We will not take your support for granted, and intend to be active throughout the summer and fall, getting to know as many voters as we can, and making ourselves available to hear what issues are of greatest concern to the people of Princeton. We will continue to regularly show up at Bon Appetit on Wednesday mornings from 8-9 a.m., and McCaffrey’s on Monday afternoons from 5-6 p.m. in the upstairs seating area. Please do stop by and introduce yourselves, and/or share your views. Also look for us at the farmers market in Hinds Plaza on Thursday afternoons, and keep your ears open about house parties coming to your neighborhood, where we hope to engage with neighbors in every voting district in town.

To learn more about my priorities as a candidate, and to learn about upcoming house parties, please visit my Facebook page: www.facebook.com/DECPrinceton. Princeton faces many challenges in the coming years, planning for change and preserving the wonderful character of our community, as we experience constant pressure for growth and development. We are blessed to reside in a highly desirable place to live, but in the wise words of the Jewish folk hero Nasrudin, “sometimes what seems like a blessing may be a curse, and what seems like a curse may be a blessing.” Let’s all pitch in together to make sure our blessings stay blessings.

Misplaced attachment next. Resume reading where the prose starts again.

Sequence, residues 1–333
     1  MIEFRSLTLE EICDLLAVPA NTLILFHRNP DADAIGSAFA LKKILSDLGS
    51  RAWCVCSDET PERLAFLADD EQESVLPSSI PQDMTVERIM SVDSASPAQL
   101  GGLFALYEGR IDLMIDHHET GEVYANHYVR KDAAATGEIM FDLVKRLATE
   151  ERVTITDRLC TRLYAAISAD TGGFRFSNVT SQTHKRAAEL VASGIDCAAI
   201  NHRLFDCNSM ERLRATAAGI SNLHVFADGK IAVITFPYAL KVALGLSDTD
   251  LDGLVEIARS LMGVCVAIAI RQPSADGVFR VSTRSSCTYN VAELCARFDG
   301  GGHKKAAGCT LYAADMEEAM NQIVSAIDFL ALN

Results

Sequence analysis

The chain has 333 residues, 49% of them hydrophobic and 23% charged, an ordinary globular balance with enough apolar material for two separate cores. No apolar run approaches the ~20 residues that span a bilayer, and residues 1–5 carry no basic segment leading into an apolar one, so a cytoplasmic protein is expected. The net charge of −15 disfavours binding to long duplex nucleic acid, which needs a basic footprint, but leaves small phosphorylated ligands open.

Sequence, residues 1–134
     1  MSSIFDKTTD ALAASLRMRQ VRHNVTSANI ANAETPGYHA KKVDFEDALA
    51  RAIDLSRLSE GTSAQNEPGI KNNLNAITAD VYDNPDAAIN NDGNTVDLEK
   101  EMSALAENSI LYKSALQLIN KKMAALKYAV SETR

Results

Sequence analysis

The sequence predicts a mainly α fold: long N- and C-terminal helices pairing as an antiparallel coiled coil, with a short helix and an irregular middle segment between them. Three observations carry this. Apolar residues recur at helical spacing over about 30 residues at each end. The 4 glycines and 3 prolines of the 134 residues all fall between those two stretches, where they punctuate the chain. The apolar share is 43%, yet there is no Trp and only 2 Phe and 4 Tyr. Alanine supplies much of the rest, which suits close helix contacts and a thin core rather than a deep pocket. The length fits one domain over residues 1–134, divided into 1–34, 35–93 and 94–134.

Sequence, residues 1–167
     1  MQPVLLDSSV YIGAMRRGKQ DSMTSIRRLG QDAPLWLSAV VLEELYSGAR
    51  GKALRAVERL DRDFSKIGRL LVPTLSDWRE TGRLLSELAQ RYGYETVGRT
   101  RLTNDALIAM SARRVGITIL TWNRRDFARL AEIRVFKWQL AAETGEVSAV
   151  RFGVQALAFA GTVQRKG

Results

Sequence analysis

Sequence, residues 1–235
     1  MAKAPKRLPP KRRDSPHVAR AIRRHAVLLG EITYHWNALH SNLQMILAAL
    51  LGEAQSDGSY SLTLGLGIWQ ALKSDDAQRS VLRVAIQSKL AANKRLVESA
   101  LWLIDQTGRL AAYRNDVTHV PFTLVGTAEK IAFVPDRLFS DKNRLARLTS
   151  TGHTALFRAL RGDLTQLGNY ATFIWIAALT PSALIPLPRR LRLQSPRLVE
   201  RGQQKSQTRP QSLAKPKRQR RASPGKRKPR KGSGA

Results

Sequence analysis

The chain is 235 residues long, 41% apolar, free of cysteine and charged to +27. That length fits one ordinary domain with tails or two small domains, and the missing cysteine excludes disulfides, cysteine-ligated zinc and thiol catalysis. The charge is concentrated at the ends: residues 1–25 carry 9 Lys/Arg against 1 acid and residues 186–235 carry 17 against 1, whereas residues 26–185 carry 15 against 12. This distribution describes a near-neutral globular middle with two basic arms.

David E. Cohen, AIA

Democratic Candidate for Princeton Council, 

Terhune Road

To the Editor:

I applaud Princeton Council’s initiative in taking the first step to improve how our town handles stormwater. On June 12, the Council adopted a new ordinance that requires at least some degree of modern stormwater management for any new development and for any increase in impervious cover to existing developments.

As the demand for larger homes continues to impact many Princeton neighborhoods, we have seen developers bulldoze away smaller homes to make way for larger homes. The upshot is greater flooding and pollution, not to mention wet basements and soggy yards for the neighbors.

The Council’s unanimous approval of the ordinance is a step in the right direction, but it only addresses new or expanded development. Unfortunately, most of our excessive runoff is from older developments that were constructed before we fully appreciated the consequences to downstream communities, to water quality, and to aquatic wildlife. We need to better control stormwater runoff from our existing commercial and residential developments by requiring that any redevelopment incorporate modern stormwater management measures. Based on the public testimony, the town is eager to start soon on a second-phase strategy.

We must be mindful of finding ways to allow water to soak into the ground, recharge the aquifer, and prevent flooding downstream.